ATLS – the advanced trauma life support – need I say more?

Ultrasound levels 1&2 – good thing to begin this early on in your training, what with everything being scanned for these days even vascular access – its a good thing to have ticked off earlier in your career so you can begin the arduous process of getting signed off for it which may take a while

Attend conferences – the RCEM provides a lot of guidelines, and then there are always foreign conferences like SMACC (Social Media and Critical Care) – be very open to the exchange of ideas, you never know which interaction might be a teaching moment or lead to one – and change your practise.

Look at out of program opportunities or secondments that either support your career growth in your own field or cater to your own personal growth and add to your skill set in addition to your training pathway. See if your deanery or your local hospital has any sponsored programs, maybe an additional masters program or other academic or teaching opportunity, a mentorship course or a volunteer ALS/BLS instructor or even a nominated teaching go-to person for medical students rotating in your specialty. It adds to your CV, makes you a better candidate for the future and just rounds you off that much better. (My deanery offers a few postgraduate degrees in stuff like entrepreneurship and leadership skills – I am seriously considering the option to apply to be considered for such an opportunity!)

Exam prep courses – no shame in that, in the ever-changing exam scenario for the training program, it can’t hurt to be well-informed and look at guidance options – my deanery regularly arranges examination preparatory guidance courses. Consider joining!

European Board of Emergency Medicine exams – consider applying for these and taking them – the first part is something you get eligible for if you have 3 years of emergency medicine experience that someone can vouch for for non training people – for trainees it is after the successful completion of 3rd year of their training. Something to definitely consider as adding to the many feathers in your cap.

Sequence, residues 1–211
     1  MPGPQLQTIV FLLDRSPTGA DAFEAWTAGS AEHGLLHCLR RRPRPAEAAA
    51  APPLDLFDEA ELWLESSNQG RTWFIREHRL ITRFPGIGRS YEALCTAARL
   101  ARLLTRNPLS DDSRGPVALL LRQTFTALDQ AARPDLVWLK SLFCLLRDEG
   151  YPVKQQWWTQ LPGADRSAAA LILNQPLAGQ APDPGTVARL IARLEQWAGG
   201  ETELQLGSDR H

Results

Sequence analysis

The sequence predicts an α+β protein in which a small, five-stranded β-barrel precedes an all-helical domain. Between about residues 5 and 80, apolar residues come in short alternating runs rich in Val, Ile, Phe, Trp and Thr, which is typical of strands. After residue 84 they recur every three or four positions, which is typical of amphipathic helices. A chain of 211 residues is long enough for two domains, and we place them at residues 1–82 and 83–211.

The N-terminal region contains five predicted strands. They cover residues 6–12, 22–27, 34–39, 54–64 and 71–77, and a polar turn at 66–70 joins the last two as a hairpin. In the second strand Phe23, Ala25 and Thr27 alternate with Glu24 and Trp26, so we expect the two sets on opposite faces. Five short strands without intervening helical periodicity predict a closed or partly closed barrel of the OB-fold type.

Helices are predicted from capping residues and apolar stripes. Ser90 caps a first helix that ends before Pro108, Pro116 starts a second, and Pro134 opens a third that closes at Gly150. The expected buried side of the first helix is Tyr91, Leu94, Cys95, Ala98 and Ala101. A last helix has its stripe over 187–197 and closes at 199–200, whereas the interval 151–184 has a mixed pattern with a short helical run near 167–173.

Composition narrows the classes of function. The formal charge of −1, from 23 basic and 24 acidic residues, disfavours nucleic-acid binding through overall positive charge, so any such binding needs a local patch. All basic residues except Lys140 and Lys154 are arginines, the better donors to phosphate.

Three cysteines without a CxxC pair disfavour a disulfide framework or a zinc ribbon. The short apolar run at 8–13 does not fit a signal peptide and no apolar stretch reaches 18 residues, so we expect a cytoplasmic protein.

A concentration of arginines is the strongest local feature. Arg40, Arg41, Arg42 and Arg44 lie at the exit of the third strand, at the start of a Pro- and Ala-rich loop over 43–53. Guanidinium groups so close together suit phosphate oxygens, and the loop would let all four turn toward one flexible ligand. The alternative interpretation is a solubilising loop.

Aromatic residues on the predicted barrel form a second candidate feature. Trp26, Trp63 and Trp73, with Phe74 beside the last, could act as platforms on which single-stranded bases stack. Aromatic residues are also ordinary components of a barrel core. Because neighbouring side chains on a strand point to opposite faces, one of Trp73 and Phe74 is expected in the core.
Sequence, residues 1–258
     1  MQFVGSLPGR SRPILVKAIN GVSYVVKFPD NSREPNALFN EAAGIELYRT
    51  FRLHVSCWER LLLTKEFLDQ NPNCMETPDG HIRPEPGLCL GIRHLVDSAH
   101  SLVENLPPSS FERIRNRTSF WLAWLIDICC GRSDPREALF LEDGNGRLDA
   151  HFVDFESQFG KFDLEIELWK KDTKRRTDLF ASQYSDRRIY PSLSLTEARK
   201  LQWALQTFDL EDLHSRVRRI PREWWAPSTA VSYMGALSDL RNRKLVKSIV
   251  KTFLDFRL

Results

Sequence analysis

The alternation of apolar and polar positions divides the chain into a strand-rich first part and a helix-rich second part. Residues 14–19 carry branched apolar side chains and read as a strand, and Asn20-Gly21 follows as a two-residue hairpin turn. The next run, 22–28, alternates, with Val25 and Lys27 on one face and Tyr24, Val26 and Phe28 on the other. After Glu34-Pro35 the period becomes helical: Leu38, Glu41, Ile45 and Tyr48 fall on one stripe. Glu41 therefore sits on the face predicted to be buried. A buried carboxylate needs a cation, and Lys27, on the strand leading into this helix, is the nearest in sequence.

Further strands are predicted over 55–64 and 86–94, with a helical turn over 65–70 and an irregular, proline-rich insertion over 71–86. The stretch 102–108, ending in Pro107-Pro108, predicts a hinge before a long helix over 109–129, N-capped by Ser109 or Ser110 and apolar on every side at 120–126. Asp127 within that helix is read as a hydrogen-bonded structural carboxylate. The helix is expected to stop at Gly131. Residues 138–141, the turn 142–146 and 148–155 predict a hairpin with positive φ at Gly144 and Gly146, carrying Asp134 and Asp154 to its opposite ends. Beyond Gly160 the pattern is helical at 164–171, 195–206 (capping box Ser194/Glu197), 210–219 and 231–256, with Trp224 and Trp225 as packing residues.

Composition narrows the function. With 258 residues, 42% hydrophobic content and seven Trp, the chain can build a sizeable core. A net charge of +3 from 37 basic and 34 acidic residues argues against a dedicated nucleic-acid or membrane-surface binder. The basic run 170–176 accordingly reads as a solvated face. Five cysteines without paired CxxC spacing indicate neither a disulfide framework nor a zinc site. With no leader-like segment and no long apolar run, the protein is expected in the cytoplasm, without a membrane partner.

Simulation days – very informative and you learn so much, not just from doing it yourself, but from how others do it and how there may be a range of approaches and you can look at what works for you!

Last shift as an ST1 – bittersweet to say the least

So for ACCS we have 6 monthly rotations for the first 2 years, and tomorrow I go for my last shift as part of my A&E rotation (yay, yes I made it to the end!) AND  it will be my last ever shift as a year 1 trainee (or ST1) – even more yay!

This year has been wonderful – I got to know the slightly different other side of the coin as an acute medicine doctor the first 6 months of this year, and got to see firsthand what happens when you refer a patient to the medical specialty: what they look for, how they assess them, what investigations do they do and what is there mindset – and I learnt there were things I could do while the patient was in ED as my patient, and I could tweak certain things and maybe request something that would help the acute medicine department deal with the patient and make an informed and safe decision about their medical care – and maybe stop them from being admitted in the first place! This last bit was especially a unique experience, trying to sort out a patient with the 4 hour time pressure, but sometimes you picked up a patient that usually would be referred to the medical specialty, but if you had the time in ED you could potentially start a treatment that may actually make them better before their 4 hours were up and you could end up sending them home rather than in-hospital – like for a second troponin or someone who is slightly tachycardia with a fever, treat them and re-evaluate, obviously if they still warrant it, get them admitted but if they improve and can continue treatment at home, then let them go into their own familiar surroundings (sometimes the best option for patients with dementia and other cognitive impairment) – and the it doesn’t go unappreciated by the medical team!